We love the Battle-of-the-Paddle format, which requires racers to come to the beach after each lap, run 50 yards or so through a chute and then transition quickly back onto the board, which board caddies turn around and place into position. This is SUP’s answer to triathlon’s transition and perhaps gives a bit of advantage to those of us accustomed to the quick turnarounds of triathlon or obstacle racing.

Best post-race food anywhere

Last year I showed up for this event and won $75 by default as the only guy on a stock board — as opposed to a sleeker, faster race board — to complete the elite race. I wondered if prize money was necessary, especially since the $35,000 pot for the one-and-done U.S. Open of SUP in September of 2011 in Miami didn’t attract the crowds.

Last year, I only had to finish to collect cash. Lining up before the race, I could tell there were at least a half dozen guys on stock boards entered. When the horn sounded, two shot out well in front of me. I passed two others and settled into fourth. Early in the first lap, the guy in front of me fell on a buoy turn, giving me an opening to pass.

I spent the rest of the race holding him off. As we came to the beach for each transition, people cheered us on, producing a strange dynamic. As stock board racers, we were near the back of the pack. But as third-place contenders in our division, we still had a shot at money.

By the start of the fourth lap, my shoulders and back were barking. The surf was getting choppy and my opponent closer. On long straightaways, he took a lower path and soon I could see him out of the corner of my eye. If I fell, there was no way I’d regain my lead.

As we rounded the final buoy, he made one last push. All I had to do was get to shore first and run through the finish chute. I paddled as hard as I could to shore, leaped from the board, and chugged up the sand – winning by six seconds. Afterward, my new buddy — 38-year-old Bruce Jones – offered congratulations and mentioned that he quit smoking two years ago and only has been paddling since March. Clearly I have to step up my game.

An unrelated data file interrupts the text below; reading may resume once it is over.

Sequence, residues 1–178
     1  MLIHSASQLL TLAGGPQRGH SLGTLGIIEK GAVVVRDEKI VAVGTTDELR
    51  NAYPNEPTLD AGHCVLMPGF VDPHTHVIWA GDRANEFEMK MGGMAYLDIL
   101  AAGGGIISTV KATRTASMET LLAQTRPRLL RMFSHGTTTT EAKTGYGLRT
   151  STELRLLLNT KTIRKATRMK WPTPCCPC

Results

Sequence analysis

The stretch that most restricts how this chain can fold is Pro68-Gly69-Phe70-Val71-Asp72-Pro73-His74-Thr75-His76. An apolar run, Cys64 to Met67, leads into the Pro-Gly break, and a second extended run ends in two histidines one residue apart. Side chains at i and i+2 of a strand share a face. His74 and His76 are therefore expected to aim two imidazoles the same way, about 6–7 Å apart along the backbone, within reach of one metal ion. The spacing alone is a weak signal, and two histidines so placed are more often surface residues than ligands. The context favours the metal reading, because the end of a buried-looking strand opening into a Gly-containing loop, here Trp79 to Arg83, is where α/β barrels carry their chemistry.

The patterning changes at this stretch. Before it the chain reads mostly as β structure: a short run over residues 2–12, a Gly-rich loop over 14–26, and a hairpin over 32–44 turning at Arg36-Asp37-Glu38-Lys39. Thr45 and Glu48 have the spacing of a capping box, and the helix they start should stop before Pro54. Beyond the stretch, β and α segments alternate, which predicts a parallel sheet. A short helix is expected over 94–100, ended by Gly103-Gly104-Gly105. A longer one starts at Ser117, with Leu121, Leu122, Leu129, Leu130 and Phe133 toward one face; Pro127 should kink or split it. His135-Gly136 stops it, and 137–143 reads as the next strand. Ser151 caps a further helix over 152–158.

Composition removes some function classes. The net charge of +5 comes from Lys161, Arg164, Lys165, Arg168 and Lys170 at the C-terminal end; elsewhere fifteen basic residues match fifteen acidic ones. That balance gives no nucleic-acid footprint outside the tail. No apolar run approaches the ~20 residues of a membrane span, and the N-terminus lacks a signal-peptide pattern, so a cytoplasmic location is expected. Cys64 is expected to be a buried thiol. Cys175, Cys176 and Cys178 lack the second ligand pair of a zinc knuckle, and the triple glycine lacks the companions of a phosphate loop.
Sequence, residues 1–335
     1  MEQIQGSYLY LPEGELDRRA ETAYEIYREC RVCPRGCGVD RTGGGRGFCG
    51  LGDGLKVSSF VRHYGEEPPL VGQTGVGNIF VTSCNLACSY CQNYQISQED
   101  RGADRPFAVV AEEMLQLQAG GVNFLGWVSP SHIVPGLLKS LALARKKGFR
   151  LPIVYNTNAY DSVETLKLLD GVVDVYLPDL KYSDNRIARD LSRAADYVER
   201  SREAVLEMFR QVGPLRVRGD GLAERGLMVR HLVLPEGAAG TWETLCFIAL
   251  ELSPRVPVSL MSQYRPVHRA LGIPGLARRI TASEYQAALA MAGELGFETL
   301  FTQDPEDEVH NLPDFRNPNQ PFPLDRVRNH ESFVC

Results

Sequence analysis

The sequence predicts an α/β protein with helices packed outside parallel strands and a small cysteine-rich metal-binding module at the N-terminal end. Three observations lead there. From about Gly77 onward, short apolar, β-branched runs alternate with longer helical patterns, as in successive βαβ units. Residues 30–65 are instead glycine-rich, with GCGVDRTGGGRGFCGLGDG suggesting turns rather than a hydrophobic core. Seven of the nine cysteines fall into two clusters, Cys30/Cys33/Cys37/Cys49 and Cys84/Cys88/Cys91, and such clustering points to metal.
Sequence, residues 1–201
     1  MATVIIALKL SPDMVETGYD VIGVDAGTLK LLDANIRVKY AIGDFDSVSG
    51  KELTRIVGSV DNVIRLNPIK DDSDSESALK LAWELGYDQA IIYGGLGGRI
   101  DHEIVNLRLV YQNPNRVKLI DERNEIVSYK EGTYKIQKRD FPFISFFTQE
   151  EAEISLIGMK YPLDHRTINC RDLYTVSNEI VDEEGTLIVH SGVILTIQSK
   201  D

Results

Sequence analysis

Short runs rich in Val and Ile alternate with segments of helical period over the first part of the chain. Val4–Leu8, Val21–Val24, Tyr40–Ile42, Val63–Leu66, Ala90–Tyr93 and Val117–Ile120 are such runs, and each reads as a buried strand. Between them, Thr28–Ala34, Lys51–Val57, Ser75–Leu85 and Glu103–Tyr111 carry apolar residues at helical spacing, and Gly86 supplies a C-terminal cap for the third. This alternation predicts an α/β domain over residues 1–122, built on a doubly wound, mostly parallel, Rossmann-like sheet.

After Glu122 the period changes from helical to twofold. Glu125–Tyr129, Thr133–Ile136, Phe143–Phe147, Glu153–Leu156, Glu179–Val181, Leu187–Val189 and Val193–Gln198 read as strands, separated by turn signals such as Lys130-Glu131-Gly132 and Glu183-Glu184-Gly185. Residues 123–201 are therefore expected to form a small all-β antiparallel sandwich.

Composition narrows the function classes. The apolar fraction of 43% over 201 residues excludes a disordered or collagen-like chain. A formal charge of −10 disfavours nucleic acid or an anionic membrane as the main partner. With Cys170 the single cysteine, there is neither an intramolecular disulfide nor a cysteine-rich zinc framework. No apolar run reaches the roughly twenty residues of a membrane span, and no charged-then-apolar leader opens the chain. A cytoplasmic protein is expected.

Webb raised the entry fees of the race from a $45 pre-registration rate last year to $58 this year. That’s still an incredible value considering there were no online entry fees. Plus racers got to compete in a chip-timed event with tech T-shirts and a bonus four-person relay race. Then there was the pig roast and cash to the top three finishers in multiple divisions, including $700 apiece to the men’s and women’s elite winners.

Pacifico winnings

We can’t imagine Webb is making much money on these events. But he seems to be putting a long-term model in place to benefit as the sport grows — as opposed to obstacle races, many of which seem to be pushing the limits on how much they can charge and how little they can provide.

Heck, with multiple SUP races, a pig roast, and cash money involved, who can complain about a schedule that falls behind an hour? We’re guessing we’ll continue to see smaller SUP races spring up, traditional no-frills endurance events that start and finish early. But it’s hard not be bullish on the grander SUP race experience

It’s definitely worth building a weekend around.

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Turning Pro at Pacifico

By Pete Williams

"Pro" SUP rider? (photo by Chad Jarae - Encounter Creative)

ST. PETE BEACH – So maybe it was a lightly-contested field or a win by default.

It doesn’t matter. I won $75 in a competitive race.

Today I am a professional athlete.

The Pacifico Paddle Challenge took place Saturday afternoon on a postcard-perfect day in front of, appropriately enough, The Postcard Inn. Shane “Waterboy” Webb, a co-owner of SUPPaddleboard.com, promised $3,000 in cash awards, $3,000 worth of raffle prizes, and a free pig roast – all for a $45 pre-registration fee (or $50 raceday).

Webb delivered on everything. At a time when your average obstacle mud run charges $75 (providing no food) and triathlon entry fees continue to escalate, SUP races are the best value in endurance sports.

Admittedly, they have to be because they’re not drawing huge numbers – yet. That’s how I knew I had a shot at prize money.

In July, I entered one of Webb’s SUP Splash Series races at the same venue and was stunned to hear my name called at the awards ceremony since I finished last in the elite 6-mile race.

But I was the only entrant in the “stock board” category. Unlike the rest of the athletes, who competed on sleeker, faster “race boards,” I used a slower board, although my Yoloboard Eco Trainer is a terrific stock board.

Best postrace spread ever